Much has been written on the best way to express love to another human being. I’m not going to rehash it all here, except to say this: to truly love another is put his or her needs above your own. This means I may need to make some changes in the way I communicate, behave and react in order for the person I love to truly feel loved. This is especially true when parenting a child who has come from a traumatic situation and into your family. Children who survive trauma do not process or perceive love in the same way in which a child with a non-traumatic past does.
Children who have been abused or neglected are understandably wary. Not only have they been betrayed in the past by those charged with their care, but they have now been uprooted from everything familiar and placed into a new family where they feel no guarantee of safety, or predictability and they are definitely not wired to expect loving care. So how do we best love these little survivors?
1. Notice what matters to your survivor.
Every child is different, and every survivor has different triggers and fears. If your child came from a situation in which food was scarce, ensuring that food is always available will be a vital part of helping your child feel loved. A child who has survived sexual abuse may not feel comfortable wearing shorts or skirts. Providing pants or overalls for your survivor will help alleviate fears and allow your survivor to feel loved. By noticing what triggers your survivor, and eliminating those triggers as much as is possible, you are demonstrating that you truly see your child and that his or her concerns are important to you.
2. Give your survivor control.
Children who enter your home as foster kids or as toddlers or children newly adopted have had everything with which they are familiar taken from them. You may argue that this is a good thing for a lot of these kids, and you’d be right. Except that such massive change inspires feelings of loss, fear, and uncertainty. Imagine having to leave all that you know, good and bad, to go and live with people you have never met who may not even speak the same language as you. You’d be looking for a little bit of control, too. For children, control can be provided with choices. Do you want cereal or toast? Blue sheets or red? Sandals or sneakers? Do you want to hear a story or color a picture? Provide as many opportunities for your survivor to be in control of his or her own life as possible. This may result in peanut butter sandwiches for breakfast or plaid shorts with a striped shirt, and that’s OK because it also results in children who feel increasingly comfortable and confident in themselves and their new lives.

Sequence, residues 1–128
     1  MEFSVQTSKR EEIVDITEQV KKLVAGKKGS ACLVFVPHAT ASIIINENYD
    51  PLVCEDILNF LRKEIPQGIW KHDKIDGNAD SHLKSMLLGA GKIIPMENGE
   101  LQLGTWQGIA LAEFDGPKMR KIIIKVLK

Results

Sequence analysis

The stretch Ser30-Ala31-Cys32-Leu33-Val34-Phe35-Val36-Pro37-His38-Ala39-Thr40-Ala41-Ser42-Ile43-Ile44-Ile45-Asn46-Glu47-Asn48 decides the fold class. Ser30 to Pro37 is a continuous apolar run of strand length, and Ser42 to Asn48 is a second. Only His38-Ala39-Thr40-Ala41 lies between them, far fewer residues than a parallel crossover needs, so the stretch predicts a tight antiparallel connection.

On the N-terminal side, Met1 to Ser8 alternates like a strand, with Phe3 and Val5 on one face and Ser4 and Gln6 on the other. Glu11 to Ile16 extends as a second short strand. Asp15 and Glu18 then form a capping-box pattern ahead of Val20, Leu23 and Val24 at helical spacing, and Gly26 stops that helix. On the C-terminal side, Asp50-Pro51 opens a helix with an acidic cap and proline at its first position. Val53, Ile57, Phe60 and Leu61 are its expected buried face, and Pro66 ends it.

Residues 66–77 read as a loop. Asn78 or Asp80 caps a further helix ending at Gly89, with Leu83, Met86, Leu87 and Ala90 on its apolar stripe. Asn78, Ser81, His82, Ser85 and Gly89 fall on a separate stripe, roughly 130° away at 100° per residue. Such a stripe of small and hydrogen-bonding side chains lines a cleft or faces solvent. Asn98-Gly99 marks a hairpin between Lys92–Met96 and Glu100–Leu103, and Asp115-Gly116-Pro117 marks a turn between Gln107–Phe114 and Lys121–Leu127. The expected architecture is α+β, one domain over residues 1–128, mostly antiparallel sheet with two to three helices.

3. Love like you’re a grandma.
Have you ever been watching a movie and had grandma come tuck a blanket around you or hand you a cookie? When mom would say, “Go get your sweater”, grandma says, “It looks chilly out there, here’s your sweater.” Be like grandma. Notice what might add a little extra happiness or comfort and provide it. Go out of your way to do and say little things throughout your day that demonstrate to your survivor that you are putting them first, that their comfort matters to you, and that you think about how to make them feel loved. At first, this way of demonstrating love may be received with confusion, doubt and even hostility by children who are afraid to trust that life can be better and people can be good. Don’t give up. Keep loving like grandma does.
4. Love enough to acknowledge that love is not enough.
Our survivors need help. They need help processing their trauma. They need help adjusting to a new way of thinking, acting and living. They need help learning to trust. They often need help managing anxiety, depression or other mental health issues. This help does not come in the form of love. It comes in the form of doctors, therapists and medications we provide because we do love these kids. It comes through countless meetings and conversations with teachers, social workers and other parents. It comes through role playing social situations until your survivor learns to behave in a manner that is socially appropriate. Seeking out and accepting help with and for your survivor is vital to the success of the child, the relationship and the family.
5. Don’t forget about yourself.
Raising a child with the intensity of need these little warriors have can be exhausting. Don’t let yourself get burned out. Take time, even if it’s just a few minutes, every day to do something you enjoy. Exercise, eat right and get some healthy adult conversation. Go on dates with your spouse. Find and utilize the social supports and programs available to you. Join an online support group. Get your own therapist. Do whatever it is that you need to do to ensure you remain emotionally healthy and well during the inevitable challenges arising from raising your survivor. And do all of these things without feeling guilty for taking time for yourself.
Loving these kids is hard, and easy and humblingly magnificent. As one who has been walking this road for many, many years I can promise you this, you will be better for your experiences and your ability to love with increase beyond that which you can possibly imagine. So take a deep breath, and just keep moving forward.